First Time Marathoner

WENDY WINN, FOUNDER OF CUSTOM PERFORMANCE

FIRST TIME MARATHONER JUMPING OFF POINTS

“Hey, Wendy! I just signed up for my first marathon!! EEEK! Do you think I can do it? Am I crazy?”

Well, “Yes and yes.”

It’s true. I think most people can run a marathon. I think we have more grit than we know inside.

Are you crazy? Also yes. But in a good way. You need a little flavor of crazy to make it through training.

“Where do I begin?”

Let’s get a few things straight:

Running a marathon is a lifestyle change. (As opposed to say running a half or 5k, which is a “race.”)

While the marathon is hard, the hardest part is the TRAINING. The race itself is filled with water and fuel stops, spectators, and adrenaline; it’s the party you came for. It’s the slogging through 18-mile training runs solo in the summer heat around your neighborhood that will be far less glamorous.

MEANING

You have to know your WHY. And, it has to be a real juicy “why,” not just “because my friend is running a marathon.” Why the why? Because it has to be meaningful. Marathon training is tough stuff and you need to remind yourself nearly daily why you are doing it.

Mantras: At Custom Performance, we practice mantra creation all the time for marathoners. You’ve got to be your own coach and cheerleader during a marathon and you have to give those voices scripts.

TRAINING PROGRAMS

I believe all first-time marathoners (unless you have other distance running experience), should do a Run/Walk program! Sound lame? No way. The goal of training to run for 4+ hours is to train yourself to physically be on your feet propelling yourself forward. A run/walk program allows you to stay on your feet for a long time by building in walk intervals. Your run interval is longer than your walk one. Oftentimes, even a 5, 6, or 7:1 interval is a great place to start. It rarely negatively affects your time, because you are only walking for a minute. Trust me! This brings us to:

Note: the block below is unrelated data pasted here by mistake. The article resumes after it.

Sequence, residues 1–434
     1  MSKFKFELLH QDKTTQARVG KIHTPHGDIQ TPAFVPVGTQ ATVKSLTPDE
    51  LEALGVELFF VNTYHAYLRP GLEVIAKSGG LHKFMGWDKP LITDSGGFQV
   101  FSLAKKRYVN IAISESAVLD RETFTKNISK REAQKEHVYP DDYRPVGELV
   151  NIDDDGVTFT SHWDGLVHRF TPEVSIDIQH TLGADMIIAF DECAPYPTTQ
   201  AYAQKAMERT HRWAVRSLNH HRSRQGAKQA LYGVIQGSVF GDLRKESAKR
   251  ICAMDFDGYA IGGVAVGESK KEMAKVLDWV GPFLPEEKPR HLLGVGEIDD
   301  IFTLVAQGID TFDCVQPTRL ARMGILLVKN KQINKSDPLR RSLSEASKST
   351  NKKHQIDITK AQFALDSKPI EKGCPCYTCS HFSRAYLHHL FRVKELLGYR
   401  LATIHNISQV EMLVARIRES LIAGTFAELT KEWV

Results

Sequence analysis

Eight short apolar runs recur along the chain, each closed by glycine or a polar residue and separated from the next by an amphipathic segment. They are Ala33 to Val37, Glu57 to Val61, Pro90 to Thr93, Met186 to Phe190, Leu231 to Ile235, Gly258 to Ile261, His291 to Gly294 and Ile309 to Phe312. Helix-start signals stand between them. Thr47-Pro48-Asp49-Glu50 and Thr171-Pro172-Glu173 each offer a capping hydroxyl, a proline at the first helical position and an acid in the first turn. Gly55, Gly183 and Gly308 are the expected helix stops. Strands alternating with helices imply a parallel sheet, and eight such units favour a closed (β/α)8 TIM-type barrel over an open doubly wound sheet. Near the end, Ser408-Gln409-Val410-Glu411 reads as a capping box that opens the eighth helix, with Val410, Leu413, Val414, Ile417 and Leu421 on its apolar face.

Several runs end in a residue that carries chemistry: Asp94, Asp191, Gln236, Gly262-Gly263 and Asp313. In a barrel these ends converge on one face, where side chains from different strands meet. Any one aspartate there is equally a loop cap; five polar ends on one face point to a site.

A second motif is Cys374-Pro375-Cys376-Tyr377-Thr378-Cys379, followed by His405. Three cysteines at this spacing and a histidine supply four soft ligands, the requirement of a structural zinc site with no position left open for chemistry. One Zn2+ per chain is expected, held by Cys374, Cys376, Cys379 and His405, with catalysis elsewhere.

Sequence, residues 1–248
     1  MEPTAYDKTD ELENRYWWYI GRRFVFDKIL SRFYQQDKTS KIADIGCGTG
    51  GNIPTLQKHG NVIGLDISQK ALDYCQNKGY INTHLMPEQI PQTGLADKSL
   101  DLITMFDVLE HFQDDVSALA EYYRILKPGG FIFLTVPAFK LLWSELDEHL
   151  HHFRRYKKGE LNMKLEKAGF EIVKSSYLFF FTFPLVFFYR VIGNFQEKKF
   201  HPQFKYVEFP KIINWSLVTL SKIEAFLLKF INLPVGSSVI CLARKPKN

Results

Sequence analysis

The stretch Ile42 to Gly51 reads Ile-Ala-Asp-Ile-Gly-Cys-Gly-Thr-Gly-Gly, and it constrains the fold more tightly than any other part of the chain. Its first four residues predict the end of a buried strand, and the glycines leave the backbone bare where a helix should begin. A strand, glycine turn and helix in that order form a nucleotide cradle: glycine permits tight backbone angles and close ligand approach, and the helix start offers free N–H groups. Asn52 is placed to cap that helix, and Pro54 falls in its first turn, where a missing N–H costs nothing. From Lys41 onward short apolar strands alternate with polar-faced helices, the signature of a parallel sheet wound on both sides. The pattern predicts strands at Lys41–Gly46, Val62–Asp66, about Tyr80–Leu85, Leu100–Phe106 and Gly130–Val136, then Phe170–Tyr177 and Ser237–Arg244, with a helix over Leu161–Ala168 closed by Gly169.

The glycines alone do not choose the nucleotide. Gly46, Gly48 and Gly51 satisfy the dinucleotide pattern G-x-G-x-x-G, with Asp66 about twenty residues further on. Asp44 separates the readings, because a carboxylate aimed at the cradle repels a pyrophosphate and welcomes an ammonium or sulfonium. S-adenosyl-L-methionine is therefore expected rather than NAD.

FOLLOW A “TO FINISH/ BEGINNER” PROGRAM

You are not an intermediate marathoner if you are a true beginner. Don’t be a hero; you’ll just get injured or overtrained and it will be too hard to even get to the starting line. In marathon training, your ego is your enemy.

RECOVERY AND NUTRITION

Marathon training is a lifestyle that includes: a good amount of sleep, tons of food, and time off of your feet. Recovery for your body is the number one way to prevent injury.

Nutrition is absolutely essential. What does this mean? It means you have to get used to consuming calories while you are running and also consuming a considerable amount more to recover. An old rule of thumb (not applicable to everyone) is to consume 100-150 calories per mile run ON TOP OF your normal daily consumption. Example: You’ll require about 1,000 more the day of a 10-mile run. Yes, really. Also, low-carb diets are not a possibility for successful endurance running. Carbohydrates are fuel for running, along with proteins and fats for recovery.

Time off your feet is essential to rest your legs.

Sleep is God’s gift of recovery to humans.

MOBILITY, STRENGTH AND SOFT TISSUE WORK

You need to know how to “stretch”, albeit a warm-up or cool down because your muscles, tendons, and joints are working HARD.

I highly recommend a gait analysis to anyone who is going to begin training. A FULL body gait analysis, not just your feet. You can see any outstanding weaknesses in your gait that will no doubt become problems after several hours of running.